A tort constitutes a civil wrong, which is committed by one party against another (El- Ahraf, Qayoumi and Dowd 54). Law of tort is commonly implied when the defendant had the duty to avoid causing harm to the plaintiff as a result of an omission (El- Ahraf, Qayoumi and Dowd 54). The plaintiff on such incidence files a lawsuit against the defendant and seeks damages for compensation.
The government gives the victims of tort negligence the right to pursue tort action against their violators. Professionals and businesspersons often find themselves in situations where they have committed negligence against their clients (either intentionally or none deliberately). Tort is generally classified into intentional tort, which emanates from one party’s deliberate action to cause harm to another, negligence tort that is not deliberate and strict liability that results from one party’s engagement in extremely dangerous activity that causes harm to another person (El- Ahraf, Qayoumi and Dowd 54).
Negligence tort can be defined as failure to do something which an otherwise reasonable man would do if he found himself in similar circumstances or failure to act the same way a reasonable and prudent human being would act guided by ordinary considerations (El- Ahraf, Qayoumi and Dowd 54). In negligence tort, the defendant does necessarily have the desire to harm the other party but it arises when one party that owes duty to another fails to act reasonably or exercise reasonable care hence causing injury to the other party.
This case is built around a Malaria infected patient who dies in hospital after an anaphylactic reaction to penicillin. The nurse on duty had the responsibility to administer drugs to the patient at specific periods as instructed by the doctor. The patient had indicated in his medical records that he was allergic to penicillin and even wore medic alert tag to that effect. The nurse was instructed by the doctor to administer the drug to the patient after which he died.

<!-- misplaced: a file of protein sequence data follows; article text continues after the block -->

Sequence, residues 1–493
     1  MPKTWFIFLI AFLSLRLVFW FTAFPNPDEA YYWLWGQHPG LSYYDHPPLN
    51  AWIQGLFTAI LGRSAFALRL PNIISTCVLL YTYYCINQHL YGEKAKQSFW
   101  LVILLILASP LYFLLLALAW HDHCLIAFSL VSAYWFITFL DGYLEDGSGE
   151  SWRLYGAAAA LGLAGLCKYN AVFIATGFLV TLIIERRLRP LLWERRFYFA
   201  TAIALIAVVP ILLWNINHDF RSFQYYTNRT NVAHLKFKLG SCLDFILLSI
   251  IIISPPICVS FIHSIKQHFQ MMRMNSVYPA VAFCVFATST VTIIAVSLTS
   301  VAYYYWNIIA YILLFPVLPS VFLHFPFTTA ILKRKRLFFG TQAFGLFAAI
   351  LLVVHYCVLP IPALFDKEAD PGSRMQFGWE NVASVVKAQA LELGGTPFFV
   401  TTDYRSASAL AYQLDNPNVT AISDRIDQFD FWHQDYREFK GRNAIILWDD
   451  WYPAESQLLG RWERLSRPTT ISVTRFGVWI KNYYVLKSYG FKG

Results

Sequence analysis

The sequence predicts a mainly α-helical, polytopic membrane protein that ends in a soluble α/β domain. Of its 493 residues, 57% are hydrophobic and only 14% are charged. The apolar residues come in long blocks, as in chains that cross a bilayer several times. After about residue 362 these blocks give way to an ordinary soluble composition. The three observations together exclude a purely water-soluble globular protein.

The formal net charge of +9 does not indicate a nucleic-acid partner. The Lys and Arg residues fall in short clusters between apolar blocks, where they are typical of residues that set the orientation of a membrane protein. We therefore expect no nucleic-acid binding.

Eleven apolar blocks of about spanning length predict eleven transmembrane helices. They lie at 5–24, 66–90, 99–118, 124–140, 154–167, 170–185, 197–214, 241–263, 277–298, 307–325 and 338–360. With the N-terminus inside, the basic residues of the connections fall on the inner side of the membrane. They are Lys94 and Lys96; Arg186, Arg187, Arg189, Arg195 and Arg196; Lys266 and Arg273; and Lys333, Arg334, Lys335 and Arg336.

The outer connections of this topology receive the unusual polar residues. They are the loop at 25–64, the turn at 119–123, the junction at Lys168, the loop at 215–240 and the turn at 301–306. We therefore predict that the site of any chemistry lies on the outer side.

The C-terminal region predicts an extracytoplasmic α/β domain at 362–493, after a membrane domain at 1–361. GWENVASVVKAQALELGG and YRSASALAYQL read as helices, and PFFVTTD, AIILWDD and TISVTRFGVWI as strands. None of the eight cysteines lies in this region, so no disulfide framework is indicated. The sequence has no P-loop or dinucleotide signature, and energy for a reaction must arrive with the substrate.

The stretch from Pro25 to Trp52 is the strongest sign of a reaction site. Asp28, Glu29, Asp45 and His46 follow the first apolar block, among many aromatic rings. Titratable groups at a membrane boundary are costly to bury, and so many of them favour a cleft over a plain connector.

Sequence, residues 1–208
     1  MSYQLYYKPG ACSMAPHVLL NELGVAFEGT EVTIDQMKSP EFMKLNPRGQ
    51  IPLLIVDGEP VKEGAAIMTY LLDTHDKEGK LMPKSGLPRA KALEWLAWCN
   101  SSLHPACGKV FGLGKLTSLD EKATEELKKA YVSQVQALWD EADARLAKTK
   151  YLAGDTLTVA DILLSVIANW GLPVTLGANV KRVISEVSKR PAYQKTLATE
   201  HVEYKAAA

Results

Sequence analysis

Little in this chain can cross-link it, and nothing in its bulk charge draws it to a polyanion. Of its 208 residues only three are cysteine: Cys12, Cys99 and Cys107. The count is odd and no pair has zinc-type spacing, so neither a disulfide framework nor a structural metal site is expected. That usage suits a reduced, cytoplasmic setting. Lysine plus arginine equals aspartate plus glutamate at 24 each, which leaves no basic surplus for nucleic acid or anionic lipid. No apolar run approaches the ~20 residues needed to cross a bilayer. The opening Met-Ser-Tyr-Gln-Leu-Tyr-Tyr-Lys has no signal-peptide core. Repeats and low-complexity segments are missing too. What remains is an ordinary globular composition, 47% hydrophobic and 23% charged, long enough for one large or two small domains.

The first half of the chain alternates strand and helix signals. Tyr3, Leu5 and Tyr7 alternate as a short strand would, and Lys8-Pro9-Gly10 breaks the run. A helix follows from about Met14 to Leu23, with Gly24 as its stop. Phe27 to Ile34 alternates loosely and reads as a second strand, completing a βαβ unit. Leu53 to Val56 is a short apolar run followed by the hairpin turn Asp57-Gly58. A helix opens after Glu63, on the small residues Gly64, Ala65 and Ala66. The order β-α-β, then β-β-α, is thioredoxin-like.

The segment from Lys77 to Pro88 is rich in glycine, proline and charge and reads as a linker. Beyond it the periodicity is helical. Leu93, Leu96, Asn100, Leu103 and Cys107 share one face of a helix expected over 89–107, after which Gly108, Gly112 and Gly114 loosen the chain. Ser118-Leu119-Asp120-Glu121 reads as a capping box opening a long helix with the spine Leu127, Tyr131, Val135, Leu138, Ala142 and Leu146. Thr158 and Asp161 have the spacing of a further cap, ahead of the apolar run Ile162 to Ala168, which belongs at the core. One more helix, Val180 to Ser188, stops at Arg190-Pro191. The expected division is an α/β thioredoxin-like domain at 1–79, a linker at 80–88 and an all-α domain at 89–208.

Consequently, the surviving relatives have moved to court 6 months after the death of the patient and filed a case against the medical practitioners on the grounds of medical negligence. In this case, the four elements of negligence tort are evident. The medical practitioners in this case had the duty of treating the patient, they however failed to take reasonable care whereby the nurse ignored the medic alert tag and the doctor failed to refer to the patient’s medical records before issuing the instructions.
The penicillin injection therefore led to the anaphylactic reaction on the patient, which eventually caused his death. In defense of the lawsuit, the plaintiff would be required to prove the proximate cause of death between the breach in standard of care provided by the nurse and the patient’s injury. They must establish a direct link between the nurses’ action and the death of the patient such that no other intervening event may have caused the death of the patient.
The defense on the other hand should prove that the actions of the medical practitioners had minimal effect to the already deteriorating patient condition and did not actually lead to the patient’s death. The death of the patient occurred as a result of his pre existing medical condition. In this case, damages may be awarded depending on the circumstances of the case and may also include punitive damages if the medical practitioner is found guilty.
Product liability suit: Laaperi v Sears Roebuck & Co Inc